Over the course of my journey, I stumbled upon an unsettling adage commonly used to describe the treatment of patients with neurodegenerative diseases: diagnose and adios. This off-color remark is commonly used within the walls of medical schools to convey the lack of effective treatment options (short of surgery) for patients who present to neurologists.
Just last week, I had the pleasure of joining Kelly Ripa and guest host Anderson Cooper on LIVE with Kelly & Michael to talk about Grain Brain. While my segment was short, I like to think it was packed with actionable information that you can use to help eat your way to a better brain. Remember, go gluten-free, and low-carb, and load up on healthy fats, and you’ll be well on your road to a healthier tomorrow.
Last month I had the great honor to serve as program chairman for an integrative brain symposium held in Hollywood, Florida. What was so exciting for me was the fact that I was given the opportunity to invite some of our most well-respected thought leaders in the field of brain science to lecture on their research.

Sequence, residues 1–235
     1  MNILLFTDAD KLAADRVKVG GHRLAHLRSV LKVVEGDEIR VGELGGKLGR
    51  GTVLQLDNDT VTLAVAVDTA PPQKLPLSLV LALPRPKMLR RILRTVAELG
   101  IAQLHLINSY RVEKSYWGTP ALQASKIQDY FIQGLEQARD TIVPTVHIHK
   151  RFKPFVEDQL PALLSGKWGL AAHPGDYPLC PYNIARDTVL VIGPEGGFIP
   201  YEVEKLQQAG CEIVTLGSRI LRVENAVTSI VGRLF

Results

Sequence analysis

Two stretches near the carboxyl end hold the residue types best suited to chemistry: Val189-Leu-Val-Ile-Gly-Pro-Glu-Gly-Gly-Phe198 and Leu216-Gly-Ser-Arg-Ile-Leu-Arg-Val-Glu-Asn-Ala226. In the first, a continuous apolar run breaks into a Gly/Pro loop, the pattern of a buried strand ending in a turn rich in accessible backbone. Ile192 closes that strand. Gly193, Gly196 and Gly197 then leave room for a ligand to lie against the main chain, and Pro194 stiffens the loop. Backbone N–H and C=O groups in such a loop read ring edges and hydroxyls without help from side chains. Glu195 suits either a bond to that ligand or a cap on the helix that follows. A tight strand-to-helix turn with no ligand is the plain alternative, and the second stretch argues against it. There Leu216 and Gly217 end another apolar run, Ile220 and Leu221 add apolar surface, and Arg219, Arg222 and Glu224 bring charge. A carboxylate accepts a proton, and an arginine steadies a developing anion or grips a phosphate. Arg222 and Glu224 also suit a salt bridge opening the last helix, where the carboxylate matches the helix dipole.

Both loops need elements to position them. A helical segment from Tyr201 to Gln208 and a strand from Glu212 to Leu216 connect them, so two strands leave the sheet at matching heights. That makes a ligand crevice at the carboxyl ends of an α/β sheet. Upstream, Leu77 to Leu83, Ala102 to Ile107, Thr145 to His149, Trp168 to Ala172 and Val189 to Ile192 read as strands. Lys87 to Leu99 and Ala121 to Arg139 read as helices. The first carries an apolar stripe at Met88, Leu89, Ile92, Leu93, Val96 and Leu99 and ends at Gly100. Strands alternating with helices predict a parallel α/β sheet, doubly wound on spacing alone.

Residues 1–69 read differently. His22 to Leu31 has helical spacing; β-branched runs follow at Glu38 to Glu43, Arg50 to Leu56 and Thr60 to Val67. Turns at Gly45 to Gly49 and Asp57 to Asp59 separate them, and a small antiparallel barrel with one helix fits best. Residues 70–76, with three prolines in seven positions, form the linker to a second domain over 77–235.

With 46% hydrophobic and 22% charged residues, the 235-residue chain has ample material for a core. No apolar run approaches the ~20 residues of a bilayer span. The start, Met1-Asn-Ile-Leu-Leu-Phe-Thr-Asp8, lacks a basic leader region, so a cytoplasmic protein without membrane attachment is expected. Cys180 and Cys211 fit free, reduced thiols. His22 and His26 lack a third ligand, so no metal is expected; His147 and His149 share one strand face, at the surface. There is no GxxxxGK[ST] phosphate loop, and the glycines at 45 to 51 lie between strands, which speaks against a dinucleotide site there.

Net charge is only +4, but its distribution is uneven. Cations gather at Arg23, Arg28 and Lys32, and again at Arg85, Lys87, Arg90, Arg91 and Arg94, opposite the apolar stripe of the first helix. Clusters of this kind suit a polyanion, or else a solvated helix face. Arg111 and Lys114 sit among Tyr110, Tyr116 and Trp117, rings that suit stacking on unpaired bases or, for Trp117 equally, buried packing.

One of our esteemed presenters was Dale E. Bredesen, M.D., an Alzheimer’s researcher at the Mary S. Easton Center for Alzheimer’s Disease Research at UCLA. Dr. Bredesen provided a unique assessment of the current approaches to dealing with Alzheimer’s disease. It was very clear from his presentation that the idea of focusing on a single drug or single intervention was simply not going to be appropriate if we are ever going to be able to offer up any meaningful therapy for the more than 5.4 million Americans who are afflicted with this devastating condition.
Dr. Bredesen described a “systems approach” to dealing with Alzheimer’s disease, looking at a variety of factors that seem to conspire, ultimately leading to brain degeneration that we know recognize as representing this disease. Using his approach which he termed, “systems therapeutics,” which integrates a variety of parameters, he has actually been able to reverse cognitive decline in this devastating condition. Continue reading